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November 28, 2021 - 12:32 pm
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Chuck said
Self restraint is something I don’t want to exercise.  I just like to make the best buy I can.  Avoiding auction houses and not buying guns that I have not picked up and looked at are the best way to save money.  

 Well said and good advice! 

 When it comes to rare guns,  I’ll deal with anyone and play by their rules. Rare is rare! Like Chuck said. “Self restraint is something I don’t want to exercise.” T/R

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November 28, 2021 - 1:55 pm
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TR said

 Well said and good advice! 

 When it comes to rare guns,  I’ll deal with anyone and play by their rules. Rare is rare! Like Chuck said. “Self restraint is something I don’t want to exercise.” T/R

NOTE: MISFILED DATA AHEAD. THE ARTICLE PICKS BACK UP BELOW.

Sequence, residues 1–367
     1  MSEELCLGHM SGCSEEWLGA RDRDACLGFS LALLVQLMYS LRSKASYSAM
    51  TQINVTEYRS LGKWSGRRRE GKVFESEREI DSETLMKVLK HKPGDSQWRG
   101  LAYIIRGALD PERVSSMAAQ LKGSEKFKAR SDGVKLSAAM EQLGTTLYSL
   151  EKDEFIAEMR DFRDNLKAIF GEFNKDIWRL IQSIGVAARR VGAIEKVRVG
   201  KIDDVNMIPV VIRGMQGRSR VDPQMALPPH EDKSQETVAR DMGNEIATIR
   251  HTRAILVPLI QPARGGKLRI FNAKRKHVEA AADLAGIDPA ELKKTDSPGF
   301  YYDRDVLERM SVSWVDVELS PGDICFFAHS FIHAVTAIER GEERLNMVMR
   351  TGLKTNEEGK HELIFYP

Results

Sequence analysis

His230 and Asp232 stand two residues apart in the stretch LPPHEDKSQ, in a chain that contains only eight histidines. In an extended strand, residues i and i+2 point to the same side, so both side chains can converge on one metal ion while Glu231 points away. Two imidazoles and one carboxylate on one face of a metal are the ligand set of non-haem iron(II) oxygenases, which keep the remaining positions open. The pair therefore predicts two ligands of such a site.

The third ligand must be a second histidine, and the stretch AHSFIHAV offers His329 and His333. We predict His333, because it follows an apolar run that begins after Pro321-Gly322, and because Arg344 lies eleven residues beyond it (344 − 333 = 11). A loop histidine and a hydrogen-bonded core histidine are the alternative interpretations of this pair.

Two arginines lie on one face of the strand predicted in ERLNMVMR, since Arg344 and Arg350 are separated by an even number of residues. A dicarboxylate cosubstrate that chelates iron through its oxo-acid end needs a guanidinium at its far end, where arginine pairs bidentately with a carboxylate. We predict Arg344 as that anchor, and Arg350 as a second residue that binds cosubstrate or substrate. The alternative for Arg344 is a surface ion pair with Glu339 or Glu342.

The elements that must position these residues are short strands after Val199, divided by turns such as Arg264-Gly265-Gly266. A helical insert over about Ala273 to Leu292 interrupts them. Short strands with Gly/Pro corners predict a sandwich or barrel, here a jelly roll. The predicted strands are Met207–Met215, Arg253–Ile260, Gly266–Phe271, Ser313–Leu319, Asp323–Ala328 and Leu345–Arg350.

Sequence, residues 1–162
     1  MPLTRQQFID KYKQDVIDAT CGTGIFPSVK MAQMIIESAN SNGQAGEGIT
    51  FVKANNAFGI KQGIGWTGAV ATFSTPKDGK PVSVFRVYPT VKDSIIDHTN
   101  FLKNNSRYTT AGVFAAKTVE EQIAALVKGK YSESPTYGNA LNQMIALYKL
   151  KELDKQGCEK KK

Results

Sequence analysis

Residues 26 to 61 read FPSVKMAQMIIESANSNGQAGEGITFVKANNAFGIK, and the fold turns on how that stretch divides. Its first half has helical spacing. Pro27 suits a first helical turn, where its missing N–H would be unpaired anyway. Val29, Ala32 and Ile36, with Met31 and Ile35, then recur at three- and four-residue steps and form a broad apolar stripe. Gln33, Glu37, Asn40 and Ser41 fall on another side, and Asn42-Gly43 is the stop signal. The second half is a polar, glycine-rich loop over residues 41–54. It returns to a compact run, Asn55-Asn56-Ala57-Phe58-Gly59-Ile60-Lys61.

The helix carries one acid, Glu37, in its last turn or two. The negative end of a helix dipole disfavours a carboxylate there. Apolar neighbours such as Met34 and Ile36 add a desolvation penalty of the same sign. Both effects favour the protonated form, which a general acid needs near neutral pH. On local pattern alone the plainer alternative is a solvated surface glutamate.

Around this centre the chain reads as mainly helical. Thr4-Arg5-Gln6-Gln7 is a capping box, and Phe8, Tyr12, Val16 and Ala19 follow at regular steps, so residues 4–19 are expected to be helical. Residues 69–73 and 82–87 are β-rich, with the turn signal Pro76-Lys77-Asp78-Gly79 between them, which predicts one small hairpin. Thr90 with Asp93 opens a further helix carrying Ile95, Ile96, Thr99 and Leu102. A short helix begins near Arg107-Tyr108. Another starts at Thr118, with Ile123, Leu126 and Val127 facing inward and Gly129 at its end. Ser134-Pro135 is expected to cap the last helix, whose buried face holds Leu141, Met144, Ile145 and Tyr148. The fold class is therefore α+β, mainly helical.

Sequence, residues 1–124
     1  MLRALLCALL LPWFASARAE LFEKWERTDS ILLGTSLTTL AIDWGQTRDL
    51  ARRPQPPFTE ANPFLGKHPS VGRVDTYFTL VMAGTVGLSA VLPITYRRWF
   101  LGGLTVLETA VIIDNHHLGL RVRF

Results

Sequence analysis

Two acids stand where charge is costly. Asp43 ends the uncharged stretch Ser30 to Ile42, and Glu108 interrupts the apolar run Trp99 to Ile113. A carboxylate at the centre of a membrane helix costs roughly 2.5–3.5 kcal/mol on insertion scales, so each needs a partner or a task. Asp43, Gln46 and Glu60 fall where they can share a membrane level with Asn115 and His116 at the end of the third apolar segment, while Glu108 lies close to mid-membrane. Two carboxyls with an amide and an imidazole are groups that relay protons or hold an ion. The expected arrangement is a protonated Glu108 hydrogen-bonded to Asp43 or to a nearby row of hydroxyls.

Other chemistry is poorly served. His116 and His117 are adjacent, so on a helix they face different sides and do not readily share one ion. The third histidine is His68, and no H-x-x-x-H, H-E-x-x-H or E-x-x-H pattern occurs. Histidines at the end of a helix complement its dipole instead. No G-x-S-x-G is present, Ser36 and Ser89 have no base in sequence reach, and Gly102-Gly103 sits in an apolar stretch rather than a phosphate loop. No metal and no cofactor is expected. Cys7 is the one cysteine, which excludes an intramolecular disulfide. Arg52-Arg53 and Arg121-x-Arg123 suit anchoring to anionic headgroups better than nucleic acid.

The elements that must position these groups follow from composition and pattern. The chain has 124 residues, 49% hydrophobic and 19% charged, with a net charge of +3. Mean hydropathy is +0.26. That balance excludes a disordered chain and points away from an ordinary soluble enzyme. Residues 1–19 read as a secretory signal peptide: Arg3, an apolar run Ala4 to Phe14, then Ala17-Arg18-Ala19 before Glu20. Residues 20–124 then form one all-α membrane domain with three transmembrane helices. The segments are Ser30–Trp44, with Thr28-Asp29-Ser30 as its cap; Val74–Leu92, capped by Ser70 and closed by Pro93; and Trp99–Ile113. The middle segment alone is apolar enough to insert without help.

There’s a lot of individual circumstances that come into play.  A big one is how much discretionary money you have available.  As an example, I’m thinking about the people who have made crazy money in the stock market the last several five or six years.  If spending a fraction of that money impulsively on collectible firearms – so what?  

Another line of thought – gun collecting can be addictive.  Sometimes this happens because those doing the collecting are addiction-prone.  Impulsive spending your money on prostitutes and cocaine, the casino and so on, is hardly a better alternative.  Aside from such dramatic examples, item such as expensive clothes, luxury vehicles etc. can eat up a lot of money. The expensive clothes topic really gets to me.  I’ve seen people spend more money on clothes than what I could have purchased a very nice lever rifle for.  And talk about an example of something that is worth almost nothing after you leave the store with it.  I’ve also seen where expensive clothes can be purchased very impulsively (more-so by women).